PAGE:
Pulls up and lat pulldowns mimic each other and work very similar muscle groups. If you’ve ever wondered, should you do pull ups and lat pull downs, this article will break down and answer that question.
Should you do Pull Ups and Lat Pulldowns?
Yes, you should incorporate both in your training so that you receive the benefits of both. If you cannot perform pull ups, only do lat pulldowns until you have built enough strength.
Pull Ups Form
First you must decide which type of grip you want to use. A grip just outside shoulder width has proven to build the most muscle and activate the lats to the highest degree. A close grip will put more emphasis on the traps and mid back.
An underhand grip can be used to put more emphasis on the biceps than the back.
When performing a traditional pull up, place your hands shoulder width apart on the bars. Start by engaging your glutes and core as they will stabilize your body throughout the movement.
Engage your lats as you pull yourself up towards the bar. Your elbows should tuck into your sides as your lats contract. Once your chin has passed the bar you can slowly start to descend.
Keep your chest up and don’t let your back arch. Engaging your core will help with this. Keep your elbows tucked to engage the lats, don’t let them flare out. Keep your shoulders back to prevent shoulder pain.
If you can’t perform a pull up with proper form, consider using an assisted pull up machine. There is a platform to place your knees on and you can add weight for resistance. Perform these until you are strong enough to do a pull up.
Pull Up Benefits
Pull ups strengthen the entire back including the lats, traps, erector spinae, and infraspinatus. They additionally target the biceps, core, and shoulders. They are also effective in improving grip strength as you are holding up your body weight.
Pull ups are great as they can be done anywhere, even outside the gym.
Start by adjusting the pad so that it rests against your thighs. This allows you to drive force through your legs to help you pull the bar down. By lifting more weight, more muscle fibers are broken down.
Position your chest directly under the bar and grip it just outside shoulder width. Begin to retract the shoulder blades as you pull the bar straight down to the upper chest.
Squeezing your elbows down into your sides will help contract the lats. Mentally thinking of pulling the bar with your ring and pinky finger will also help with feeling the movement in the back muscles.
Don’t use weight that is too heavy. If you are swinging the weight down, you will be using other body parts to assist you. This takes the tension off of the lats and makes you prone to injury.
The movement should be slow and controlled.
Benefits of the Lat Pulldown
Lat pulldowns are great for strengthening the lats. They are also great for straightening your spine and improving posture. Training the back muscles will pull your shoulder blades back, promoting proper posture.
Doing lat pull downs will also strengthen the same muscles that work during pull ups. This means you are increasing your pull up strength at the same time. The biceps are also worked during lat pulldowns, meaning you are strengthening them while performing lat pull downs.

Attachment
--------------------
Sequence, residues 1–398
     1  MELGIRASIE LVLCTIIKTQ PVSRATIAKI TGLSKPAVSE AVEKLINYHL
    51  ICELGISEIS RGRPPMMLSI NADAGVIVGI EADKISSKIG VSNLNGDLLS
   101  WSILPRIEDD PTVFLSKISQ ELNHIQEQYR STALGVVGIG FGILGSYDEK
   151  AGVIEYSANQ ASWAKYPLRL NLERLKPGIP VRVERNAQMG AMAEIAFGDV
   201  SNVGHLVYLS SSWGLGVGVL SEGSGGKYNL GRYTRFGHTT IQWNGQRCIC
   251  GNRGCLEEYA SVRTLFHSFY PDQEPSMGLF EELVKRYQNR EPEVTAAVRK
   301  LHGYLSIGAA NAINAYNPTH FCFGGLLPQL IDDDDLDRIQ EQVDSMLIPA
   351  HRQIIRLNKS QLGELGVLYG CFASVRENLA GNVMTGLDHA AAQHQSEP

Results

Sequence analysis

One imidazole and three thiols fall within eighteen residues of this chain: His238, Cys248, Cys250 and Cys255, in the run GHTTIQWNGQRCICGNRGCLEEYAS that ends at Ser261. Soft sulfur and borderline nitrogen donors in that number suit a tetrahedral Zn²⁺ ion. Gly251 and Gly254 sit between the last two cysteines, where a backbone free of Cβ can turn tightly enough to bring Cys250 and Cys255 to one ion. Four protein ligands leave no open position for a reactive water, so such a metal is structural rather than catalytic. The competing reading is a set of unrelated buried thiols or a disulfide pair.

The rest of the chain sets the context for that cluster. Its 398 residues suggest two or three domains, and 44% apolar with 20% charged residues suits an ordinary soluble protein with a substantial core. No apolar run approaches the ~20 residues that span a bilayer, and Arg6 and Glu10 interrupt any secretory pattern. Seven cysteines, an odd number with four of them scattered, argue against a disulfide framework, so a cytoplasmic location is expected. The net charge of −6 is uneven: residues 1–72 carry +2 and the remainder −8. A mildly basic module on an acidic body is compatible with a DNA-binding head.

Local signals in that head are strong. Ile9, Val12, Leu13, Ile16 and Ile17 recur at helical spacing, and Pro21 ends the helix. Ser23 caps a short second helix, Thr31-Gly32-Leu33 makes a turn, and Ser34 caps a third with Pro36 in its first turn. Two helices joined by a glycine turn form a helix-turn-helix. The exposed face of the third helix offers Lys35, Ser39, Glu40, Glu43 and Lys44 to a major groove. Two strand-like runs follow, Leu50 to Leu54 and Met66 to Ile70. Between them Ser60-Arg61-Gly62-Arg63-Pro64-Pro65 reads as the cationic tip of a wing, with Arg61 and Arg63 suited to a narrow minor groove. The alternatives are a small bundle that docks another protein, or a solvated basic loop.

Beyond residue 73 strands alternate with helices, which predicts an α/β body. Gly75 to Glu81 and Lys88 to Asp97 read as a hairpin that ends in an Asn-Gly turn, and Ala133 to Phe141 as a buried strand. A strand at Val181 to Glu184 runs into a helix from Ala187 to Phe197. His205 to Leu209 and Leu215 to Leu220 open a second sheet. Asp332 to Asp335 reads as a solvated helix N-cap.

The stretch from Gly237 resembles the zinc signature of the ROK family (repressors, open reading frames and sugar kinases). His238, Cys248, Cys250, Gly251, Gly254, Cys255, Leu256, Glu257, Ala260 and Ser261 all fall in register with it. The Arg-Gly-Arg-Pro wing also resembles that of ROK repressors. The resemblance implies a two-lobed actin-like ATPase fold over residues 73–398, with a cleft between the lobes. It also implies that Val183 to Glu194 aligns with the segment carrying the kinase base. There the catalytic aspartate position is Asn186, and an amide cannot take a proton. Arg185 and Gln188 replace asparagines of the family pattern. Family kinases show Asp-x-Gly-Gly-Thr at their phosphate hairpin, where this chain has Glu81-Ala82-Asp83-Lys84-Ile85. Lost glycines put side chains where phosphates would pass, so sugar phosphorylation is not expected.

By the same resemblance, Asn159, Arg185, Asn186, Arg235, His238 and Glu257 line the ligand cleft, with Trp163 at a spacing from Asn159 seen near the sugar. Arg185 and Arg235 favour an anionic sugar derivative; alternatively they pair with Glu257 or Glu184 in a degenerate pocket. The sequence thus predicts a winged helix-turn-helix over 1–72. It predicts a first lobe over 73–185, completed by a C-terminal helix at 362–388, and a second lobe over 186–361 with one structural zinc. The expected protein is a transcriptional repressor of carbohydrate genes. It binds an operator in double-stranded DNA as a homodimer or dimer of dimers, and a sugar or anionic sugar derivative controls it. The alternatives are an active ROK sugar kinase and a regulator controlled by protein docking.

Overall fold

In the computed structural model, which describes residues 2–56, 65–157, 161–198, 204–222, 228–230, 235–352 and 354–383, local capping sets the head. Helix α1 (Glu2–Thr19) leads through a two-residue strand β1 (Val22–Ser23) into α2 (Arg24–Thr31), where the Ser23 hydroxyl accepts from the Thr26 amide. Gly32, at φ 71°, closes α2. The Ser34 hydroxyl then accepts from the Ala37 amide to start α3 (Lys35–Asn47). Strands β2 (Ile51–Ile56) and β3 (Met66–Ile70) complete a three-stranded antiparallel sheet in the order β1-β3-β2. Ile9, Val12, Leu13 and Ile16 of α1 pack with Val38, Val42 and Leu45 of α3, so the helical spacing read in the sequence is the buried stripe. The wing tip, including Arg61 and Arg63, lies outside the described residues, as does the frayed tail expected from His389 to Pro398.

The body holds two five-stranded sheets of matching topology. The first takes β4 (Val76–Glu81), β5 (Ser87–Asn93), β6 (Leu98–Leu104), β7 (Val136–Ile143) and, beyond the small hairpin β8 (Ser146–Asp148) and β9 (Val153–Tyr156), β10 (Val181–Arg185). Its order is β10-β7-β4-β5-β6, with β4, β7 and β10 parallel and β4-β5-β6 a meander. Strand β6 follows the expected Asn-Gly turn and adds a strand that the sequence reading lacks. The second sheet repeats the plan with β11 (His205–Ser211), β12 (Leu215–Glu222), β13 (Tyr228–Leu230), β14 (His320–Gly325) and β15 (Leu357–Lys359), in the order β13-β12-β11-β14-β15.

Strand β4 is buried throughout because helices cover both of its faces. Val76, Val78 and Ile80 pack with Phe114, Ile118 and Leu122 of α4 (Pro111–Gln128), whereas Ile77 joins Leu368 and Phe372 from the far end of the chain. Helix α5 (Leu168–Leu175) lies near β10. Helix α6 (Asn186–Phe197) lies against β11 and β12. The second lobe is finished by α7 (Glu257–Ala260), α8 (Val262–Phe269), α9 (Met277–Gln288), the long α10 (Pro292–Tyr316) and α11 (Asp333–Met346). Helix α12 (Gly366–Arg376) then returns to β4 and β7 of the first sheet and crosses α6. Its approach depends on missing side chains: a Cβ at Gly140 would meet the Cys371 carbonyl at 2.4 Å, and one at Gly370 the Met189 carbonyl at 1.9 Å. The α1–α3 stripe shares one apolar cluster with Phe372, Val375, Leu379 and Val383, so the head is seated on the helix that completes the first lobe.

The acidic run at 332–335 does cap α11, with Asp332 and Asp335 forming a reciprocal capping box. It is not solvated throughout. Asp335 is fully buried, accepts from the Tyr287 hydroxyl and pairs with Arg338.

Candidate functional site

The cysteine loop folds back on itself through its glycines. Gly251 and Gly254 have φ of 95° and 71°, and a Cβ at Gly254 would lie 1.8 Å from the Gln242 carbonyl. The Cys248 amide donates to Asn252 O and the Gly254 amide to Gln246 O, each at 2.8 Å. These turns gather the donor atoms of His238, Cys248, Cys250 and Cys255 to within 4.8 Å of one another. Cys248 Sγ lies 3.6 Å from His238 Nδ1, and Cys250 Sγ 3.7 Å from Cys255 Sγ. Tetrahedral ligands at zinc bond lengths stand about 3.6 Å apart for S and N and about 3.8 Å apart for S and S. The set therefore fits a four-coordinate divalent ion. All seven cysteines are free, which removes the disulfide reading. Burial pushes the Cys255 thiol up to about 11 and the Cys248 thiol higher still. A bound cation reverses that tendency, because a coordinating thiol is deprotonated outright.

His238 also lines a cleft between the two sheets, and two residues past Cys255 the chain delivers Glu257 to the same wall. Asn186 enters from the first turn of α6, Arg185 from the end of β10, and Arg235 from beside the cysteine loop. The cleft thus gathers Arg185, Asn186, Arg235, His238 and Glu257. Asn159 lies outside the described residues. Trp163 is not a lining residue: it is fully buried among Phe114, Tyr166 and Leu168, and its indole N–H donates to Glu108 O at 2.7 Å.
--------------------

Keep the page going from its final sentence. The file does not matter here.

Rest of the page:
Pull Ups VS Lat Pulldown
It is a lot more difficult to have perfect form with pull ups than with lat pulldowns. If your form is great and you can properly do them, pull ups take the win. They work the entire back as well as stabilizer muscles.
Lat pulldowns don’t require a lot of form and are a lot more difficult to mess up than pull ups. It is also easy to increase weight with lat pulldowns. You just have to adjust the weight stack. Whereas pull ups require a weighted belt to increase intensity.
Pull ups are better for developing strength. Lat pulldowns are better for overloading with weight and building muscle. Since you are in a fixed position, only the lats are doing the work. In a pull up, your legs and core are also working to stabilize the body. This takes away from the back muscles doing the work.
Furthermore, pull ups are more taxing on the central nervous system. A lot more muscles groups are at play and it requires a lot more demand on your body than a seated lat pulldown.
Increase your Pull Ups and Lat Pulldown
If you’re having trouble with pull ups, the best thing to do is simply add more frequency. Add them into your routine more often. If you can’t do proper pull ups, start with assisted pull ups to strengthen your muscles.
If you don’t have an assisted pull up machine at your gym, ” target=”_blank” rel=”sponsored”>get a pair of resistance bands. They’re cheap and can be used for many exercises. Simply tie them around the pull up bars and wrap them around your knees.
This will make the movement a lot easier and allow you to build the muscles required for a regular pull up.
Training your back and biceps will also help you increase your strength. Deadlifts, barbell rows, and standing barbell bicep curls are great ways to do so. Consider doing different variations of pull ups to excel at them all.
Progressively overload every workout. This includes increasing reps, sets, or weight every session. Decreasing rest times or increasing intensity also works. This ensures that you are continuously progressive and not hitting plateaus.
Take recovery seriously. Stretch your muscles before training for adequate blood flow and preventing tight muscles.
Get at least 7 hours of sleep as protein synthesis and growth hormone release happen while the body is sleeping.
If you’re a beginner in the gym, lat pulldowns are the better choice. If you can’t properly perform a couple pull ups, then lat pulldowns are the better choice. Adding both into your routine will provide the best results.
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